Three short stories on today’s Mobile Networks Performance

Ensuring the quality of the networks for an optimal end user experience is often a challenging task for mobile network operators. While the carriers’ engineers adjust the systems for getting the most efficient usage according to the load required, you might be affecting the quality of the subscribers’ service in particular conditions, subject to the applications being used by them, the coverage and access technologies available in determined locations, or even the non-always optimal policies used for access technology selection.

Evolved QoE – Application Performance who?

Nowadays delivering quality services to the mobile subscribers has evolved beyond the traditional network availability and quality. Today’s users are demanding sufficient performance for each type of application used, leading to profile based modelling of the traffic and increasing the complexity of the Quality of Experience (QoE) evaluation for the carriers. For the operators evaluating the QoE is hard, as published by the GSA and Ericsson this month (here) “A 2012 study from the University of Massachusetts Amherst and Akamai Technologies found that internet users start abandoning attempts to view online videos if they do not load properly within two seconds. As time goes on, the rate at which viewers give up on a given video increases”, “with the rise of mobile-broadband and smartphone usage over the past few years, the meaning of user experience has changed dramatically”.

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What used to be measured with coverage and bandwidth capacity is now extended to performance per application and end user experience, involving signal coverage maps, latency analysis, QoS, security features, loading speed for web pages or online multimedia content (e.g. HD video) and apps, among others. As explained and exemplified in a recent Ericsson Whitepaper on Network Performance (here) “Network performance cannot be generalized because the only true measurement of performance is the experience of those who use it.”, “App coverage is one way we describe this performance. It refers to the proportion of a network’s coverage that has sufficient ability to run a particular app at an acceptable quality level. For example, an area that has 95 percent coverage for voice calls, may have 70 percent coverage for streaming music and only 20 percent coverage for streaming HD video. A consumer’s usage patterns will determine their preferred type of coverage”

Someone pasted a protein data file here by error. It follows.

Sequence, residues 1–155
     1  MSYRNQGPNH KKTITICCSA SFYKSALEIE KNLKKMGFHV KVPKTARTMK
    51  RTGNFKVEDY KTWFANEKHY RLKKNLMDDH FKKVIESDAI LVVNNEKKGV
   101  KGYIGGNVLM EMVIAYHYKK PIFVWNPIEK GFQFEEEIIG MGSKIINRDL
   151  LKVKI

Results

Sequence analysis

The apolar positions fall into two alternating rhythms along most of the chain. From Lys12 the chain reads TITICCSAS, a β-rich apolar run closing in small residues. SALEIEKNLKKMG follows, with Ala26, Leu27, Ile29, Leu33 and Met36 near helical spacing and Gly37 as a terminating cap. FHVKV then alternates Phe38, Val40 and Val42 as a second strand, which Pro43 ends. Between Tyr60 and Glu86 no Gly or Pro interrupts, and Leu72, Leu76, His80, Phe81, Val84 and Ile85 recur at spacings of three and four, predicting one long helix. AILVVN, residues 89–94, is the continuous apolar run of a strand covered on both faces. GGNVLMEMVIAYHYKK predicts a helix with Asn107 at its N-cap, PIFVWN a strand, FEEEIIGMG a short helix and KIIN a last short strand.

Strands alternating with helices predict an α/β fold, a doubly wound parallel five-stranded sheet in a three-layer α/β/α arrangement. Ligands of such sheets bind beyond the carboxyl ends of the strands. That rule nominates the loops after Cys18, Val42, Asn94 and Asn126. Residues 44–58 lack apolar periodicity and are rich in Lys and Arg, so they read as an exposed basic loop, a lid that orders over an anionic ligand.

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Indoor small cells – Please mind the gap between the macro and small cells platforms

Evolved small cells for indoor installations are coming to fill the coverage gap between the macro networks (i.e. 4G/LTE, 3G, 2G, etc.) and the small cells technologies (i.e. Pico and Femto cells, etc.). A new solution was recently announced by Ericsson called Radio Dot System (here), which is according to them “The most cost-effective, no-compromise solution to indoor coverage challenges”. It is well known the operators have challenges for covering indoor areas and buildings on a cost effective manner, while more than 70% of the traffic is generated in this domain. The solution is ultra-small, light, scalable, with fast deployment, and relies on Ethernet connection for integrating with the existing mobile network.